All University employees are eligible to particpate in the plan; except that students of the University whose employment is incidental to their education at the institution are not eligible.
Federal and Massachusetts income taxes on your 403(b) contributions are deferred until you draw benefits from your account. You benefit from the tax savings each payday. For example, someone earning $25,000 per year and saving 5% ($1,250 per year) of salary, would pay Federal income taxes on only $23,750.
The annual tax savings on this $1,250 403(b) contribution is $188 (assuming a 15% Federal tax bracket). While $188 may not seem significant on its own each year, look at the difference it makes over time. This chart illustrates the additional growth attributable to the tax deferral under the 403(b) plan.
The chart compares tax-deferred and after-tax investments, assuming that you are in a 15% Federal tax bracket and that you make contributions of $1,250 per year to each plan. The chart assumes that payments are made in equal monthly installments and earn a 7% interest rate. You will owe taxes on the tax-deferred accumulations when you receive them as income, but you would still be ahead of a taxable plan.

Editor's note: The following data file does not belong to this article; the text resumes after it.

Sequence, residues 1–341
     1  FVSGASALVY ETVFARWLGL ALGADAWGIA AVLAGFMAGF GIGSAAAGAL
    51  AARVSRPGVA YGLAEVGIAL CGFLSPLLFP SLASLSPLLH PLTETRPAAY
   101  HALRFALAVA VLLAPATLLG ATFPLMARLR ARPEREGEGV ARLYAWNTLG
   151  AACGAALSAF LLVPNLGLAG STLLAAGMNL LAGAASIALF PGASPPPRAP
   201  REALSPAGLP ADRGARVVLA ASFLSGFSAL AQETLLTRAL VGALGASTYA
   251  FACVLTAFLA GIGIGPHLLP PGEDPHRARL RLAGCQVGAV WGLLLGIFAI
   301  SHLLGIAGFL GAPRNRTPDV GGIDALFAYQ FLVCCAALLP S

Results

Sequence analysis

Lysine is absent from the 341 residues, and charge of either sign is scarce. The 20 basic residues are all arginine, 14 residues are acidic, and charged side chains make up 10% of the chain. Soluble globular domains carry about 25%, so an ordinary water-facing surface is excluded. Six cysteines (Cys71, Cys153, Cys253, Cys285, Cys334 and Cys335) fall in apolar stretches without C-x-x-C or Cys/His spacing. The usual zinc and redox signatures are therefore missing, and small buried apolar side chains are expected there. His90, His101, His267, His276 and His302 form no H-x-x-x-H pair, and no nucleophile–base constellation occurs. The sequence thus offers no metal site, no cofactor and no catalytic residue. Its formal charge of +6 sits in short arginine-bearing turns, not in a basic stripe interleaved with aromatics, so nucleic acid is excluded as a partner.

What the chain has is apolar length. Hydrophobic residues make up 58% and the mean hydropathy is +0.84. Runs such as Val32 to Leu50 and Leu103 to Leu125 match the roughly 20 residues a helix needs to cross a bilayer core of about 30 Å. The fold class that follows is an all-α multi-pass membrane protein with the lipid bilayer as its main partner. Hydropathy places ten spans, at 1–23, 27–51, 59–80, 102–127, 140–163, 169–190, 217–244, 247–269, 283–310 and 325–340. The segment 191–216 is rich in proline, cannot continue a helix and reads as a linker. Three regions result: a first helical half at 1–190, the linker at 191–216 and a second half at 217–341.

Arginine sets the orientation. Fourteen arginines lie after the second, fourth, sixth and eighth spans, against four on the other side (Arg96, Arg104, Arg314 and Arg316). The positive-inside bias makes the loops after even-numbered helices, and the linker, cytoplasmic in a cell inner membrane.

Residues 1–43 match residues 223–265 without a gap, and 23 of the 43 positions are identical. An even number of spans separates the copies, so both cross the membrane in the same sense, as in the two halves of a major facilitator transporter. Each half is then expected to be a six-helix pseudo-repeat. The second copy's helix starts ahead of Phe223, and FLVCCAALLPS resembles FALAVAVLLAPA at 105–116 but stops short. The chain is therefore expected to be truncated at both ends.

This example is for illustrative purposes only and does not project the actual performance of your investment choices, which will fluctuate with changes in the market. Results of the tax-deferred investment do not reflect deduction of charges and expenses. Some federal restrictions and tax penalties apply to withdrawals from a tax-deferred annuity before age 59 1/2.
Your savings grow faster because of compounded earnings.
Who's better off?
Say you open a 403(b) account when you're thirty years old and contribute $1,250 a year until you're forty-five, then stop. Your friend decides to wait until he's forty and contributes $1,250 a year until he retires at age 65. As this chart shows, your fifteen years of contributions from early in your career will yield substantially more at retirement than your friend's twenty-five years at the end of his career.
This example assumes that 1/12 of the annual contribution was applied each month and that it earned a 7% interest rate. The chart shows accumulation values at age 65.
Yes. The IRS limits the amount of your tax-deferred contribution each year. In 2013 the general limit increased to $17,500.
You are responsible for making certain that all of your tax-favored retirement contributions do not exceed the IRS's limits. Your failure to comply with the prescribed limits can result in taxes, penalties, and interest charges from the IRS.